PAMPLICO, S.C. – The land agent who arrived at Reatha Jefferson’s door in May, unannounced and unmasked in the middle of the pandemic, told her he was giving her one more chance.
The agent was there on behalf of Virginia-based utility giant Dominion Energy. He wanted to see if Jefferson would let Dominion run a new natural gas pipeline through the land her great-grandfather, a rural Black farmer, had bought more than a century ago in Pamplico, South Carolina.
Jefferson sent the agent away and in July, the utility served her with court papers in an attempt to use eminent domain to build the pipeline.
The proposed 14.5-mile-long (23-kilometer-long) gas line is small in contrast to projects like the recently canceled Atlantic Coast Pipeline, or even a 55-mile-long (88.5-kilometer-long) pipeline Dominion built recently in the state. But for Jefferson, it threatens to stain the land where her relatives once grew tobacco, corn and wheat, and the river where her father used to catch catfish for dinner.
“This property’s been in my family for 100 years. How do they think they can tell me what they’re going to run through my property?" she said.
The company cites new energy demand spurred by economic growth in eastern South Carolina as the impetus for the project. Dominion declined to make anyone available for an interview but said in a statement that the project could help attract and grow businesses, adding jobs and possibly lowering energy costs for residents.
The gas main, designed to supply customers directly with natural gas, would run 14.5 miles from a valve station to a regulating station along the Great Pee Dee River, according to permitting paperwork Dominion submitted to the Army Corps of Engineers. It would traverse 65 pieces of private property along the way.
Some environmental groups think the pipeline's true purpose is to jump-start a natural gas-fired power plant that state-owned utility Santee Cooper has previously discussed building at the same spot where the proposed pipeline would end. The company had said it would use natural gas from a utility partner such as Dominion.
Shelley Robbins, energy and state policy director of Upstate Forever, an environmental watchdog group focused on preserving land in South Carolina, said she wonders if the proposed pipeline is being designed with a relatively large diameter so that it could connect to a natural-gas power plant in addition to supplying customers with electricity. Such a plant would have a far bigger footprint in the community than the proposed line, she added.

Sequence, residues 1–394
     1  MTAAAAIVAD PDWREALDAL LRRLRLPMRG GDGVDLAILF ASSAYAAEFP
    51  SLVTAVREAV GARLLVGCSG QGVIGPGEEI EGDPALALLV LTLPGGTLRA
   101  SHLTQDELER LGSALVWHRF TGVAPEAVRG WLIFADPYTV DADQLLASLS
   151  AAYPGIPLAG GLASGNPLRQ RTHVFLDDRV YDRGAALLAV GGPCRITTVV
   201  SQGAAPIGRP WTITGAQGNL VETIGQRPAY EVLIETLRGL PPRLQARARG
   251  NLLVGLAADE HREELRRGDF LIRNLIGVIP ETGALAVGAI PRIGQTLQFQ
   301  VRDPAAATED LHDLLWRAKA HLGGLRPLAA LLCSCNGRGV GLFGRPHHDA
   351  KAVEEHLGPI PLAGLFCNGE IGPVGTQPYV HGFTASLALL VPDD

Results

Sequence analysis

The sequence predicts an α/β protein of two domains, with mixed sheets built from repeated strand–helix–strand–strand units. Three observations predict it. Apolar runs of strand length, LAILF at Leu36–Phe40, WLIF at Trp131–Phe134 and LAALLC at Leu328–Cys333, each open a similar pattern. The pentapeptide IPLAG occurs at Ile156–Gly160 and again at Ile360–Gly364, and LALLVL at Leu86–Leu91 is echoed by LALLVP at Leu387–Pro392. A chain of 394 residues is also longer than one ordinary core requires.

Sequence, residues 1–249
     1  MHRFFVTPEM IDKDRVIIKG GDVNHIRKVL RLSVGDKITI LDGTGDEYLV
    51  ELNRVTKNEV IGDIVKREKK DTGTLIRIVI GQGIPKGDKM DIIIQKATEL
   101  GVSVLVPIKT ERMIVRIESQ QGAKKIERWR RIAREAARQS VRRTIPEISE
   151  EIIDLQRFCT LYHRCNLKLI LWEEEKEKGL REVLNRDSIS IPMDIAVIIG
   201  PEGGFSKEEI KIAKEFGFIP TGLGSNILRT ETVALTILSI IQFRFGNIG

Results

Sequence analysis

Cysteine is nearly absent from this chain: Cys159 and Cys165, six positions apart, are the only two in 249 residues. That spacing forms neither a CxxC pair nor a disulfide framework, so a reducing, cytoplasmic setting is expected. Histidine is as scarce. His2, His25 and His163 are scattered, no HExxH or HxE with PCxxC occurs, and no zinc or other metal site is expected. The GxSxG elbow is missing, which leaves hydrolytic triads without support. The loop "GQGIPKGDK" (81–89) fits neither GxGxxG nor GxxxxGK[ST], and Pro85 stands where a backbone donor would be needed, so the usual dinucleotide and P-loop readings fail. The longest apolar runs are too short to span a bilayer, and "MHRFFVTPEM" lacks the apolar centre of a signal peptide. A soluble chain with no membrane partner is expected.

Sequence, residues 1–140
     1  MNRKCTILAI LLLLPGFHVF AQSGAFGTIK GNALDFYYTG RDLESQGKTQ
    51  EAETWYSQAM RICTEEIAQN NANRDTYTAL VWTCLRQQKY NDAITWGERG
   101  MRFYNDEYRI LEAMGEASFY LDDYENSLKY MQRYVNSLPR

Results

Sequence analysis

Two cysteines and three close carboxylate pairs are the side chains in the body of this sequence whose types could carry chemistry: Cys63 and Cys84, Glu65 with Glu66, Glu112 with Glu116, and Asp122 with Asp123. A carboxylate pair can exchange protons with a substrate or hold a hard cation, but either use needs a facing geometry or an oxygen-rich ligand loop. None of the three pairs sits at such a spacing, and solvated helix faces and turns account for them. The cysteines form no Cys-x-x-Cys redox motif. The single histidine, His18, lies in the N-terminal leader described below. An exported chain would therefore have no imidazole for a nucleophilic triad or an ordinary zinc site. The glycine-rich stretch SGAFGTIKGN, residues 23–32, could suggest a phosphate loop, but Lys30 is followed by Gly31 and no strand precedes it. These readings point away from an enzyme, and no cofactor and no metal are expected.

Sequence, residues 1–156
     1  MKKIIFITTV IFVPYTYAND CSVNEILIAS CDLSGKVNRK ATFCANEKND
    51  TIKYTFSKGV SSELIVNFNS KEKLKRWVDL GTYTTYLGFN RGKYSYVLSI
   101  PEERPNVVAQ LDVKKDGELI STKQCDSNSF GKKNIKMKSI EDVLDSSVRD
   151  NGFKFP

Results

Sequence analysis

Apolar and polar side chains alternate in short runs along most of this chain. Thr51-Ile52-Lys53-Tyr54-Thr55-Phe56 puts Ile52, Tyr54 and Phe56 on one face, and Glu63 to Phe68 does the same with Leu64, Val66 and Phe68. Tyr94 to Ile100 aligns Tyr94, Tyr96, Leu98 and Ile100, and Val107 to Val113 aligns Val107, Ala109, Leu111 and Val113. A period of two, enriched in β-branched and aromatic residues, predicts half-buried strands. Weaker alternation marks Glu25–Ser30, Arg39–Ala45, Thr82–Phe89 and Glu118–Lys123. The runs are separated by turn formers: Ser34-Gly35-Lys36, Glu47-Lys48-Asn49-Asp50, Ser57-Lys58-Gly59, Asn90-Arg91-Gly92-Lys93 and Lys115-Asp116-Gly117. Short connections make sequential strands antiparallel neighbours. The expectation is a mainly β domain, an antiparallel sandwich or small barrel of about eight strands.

Dominion spokesperson Paul Fischer said in an email that the gas line would be solely operated and owned by Dominion, and is unrelated to any current or future projects by other utilities. Santee Cooper spokesperson Mollie Gore said the company was unfamiliar with the pipeline and had made no decisions about future sites for natural-gas power plants.
Kathy Andrews, a landowner in the area who, like Jefferson, is opposed to the project, says she's concerned about environmental damage such as leaks once the pipeline is in operation. She points to the explosion of a Dominion gas line in Ohio and allegations over pollution involving coal ash in Virginia.
In addition to worrying about the pipeline's possible effects on the environment, Jefferson is concerned that she will lose more of the property her father entrusted to her on his death bed. The 40 acres (16 hectares) Jefferson’s great-grandfather, Andrew Hyman, once owned has been whittled down to about 30 acres (12 hectares) over time. Jefferson is determined not to lose any more.
In recent years, the land has grown dense with trees and brush, obscuring the driveway that once led to the house Jefferson was born in. That house burned down a few decades ago, but lately, some of the other heirs to the land tell Jefferson they contemplate returning and rebuilding. Jefferson dutifully pays the property taxes every year, as her father asked her to.
But Jefferson and Andrews may be out of luck. In cases where a company or the government is arguing that a utility upgrade is for the public good, it's nearly impossible for property owners to fight, said Renee Gregory, a lawyer at the Center for Heirs’ Property Preservation in Charleston, South Carolina.
“In these situations, it’s not a matter of will the property be taken, just how much you will be compensated for," she said.
Andrews, who owns the parcel bordering Jefferson’s, said Dominion offered her $500, then $1,000 when she refused. She said she worries that the economic woes some people are experiencing amid the coronavirus pandemic will lead other property owners to take Dominion up on its cash offers.
Dominion held a community workshop in January at the town’s elementary school so residents could learn more about the proposed pipeline. But Andrews said the workshop was in the afternoon when most people were working; the explanations they got from Dominion weren’t that thorough, and there was no mention of a public hearing.
“It’s like we had no say in the matter,” Andrews said.
Other landowners reached by The Associated Press had varied reactions to the project, though most expressed unease at the thought of agreeing to an easement on their lands.
Andrews and Jefferson have tried to rally their neighbors against the project. The pandemic makes organizing hard. Instead of meeting in person, concerned residents hop onto weekly conference calls. And some community members are apathetic to their cause, the women say, assuming Dominion will win out in the end regardless.
Jefferson, who is still handing out photocopied, handwritten appeals to her neighbors and looking for an attorney to represent her in court, remains even-tempered despite the stress of the past few months.
“It’s not about money. It’s about principle,” Jefferson said.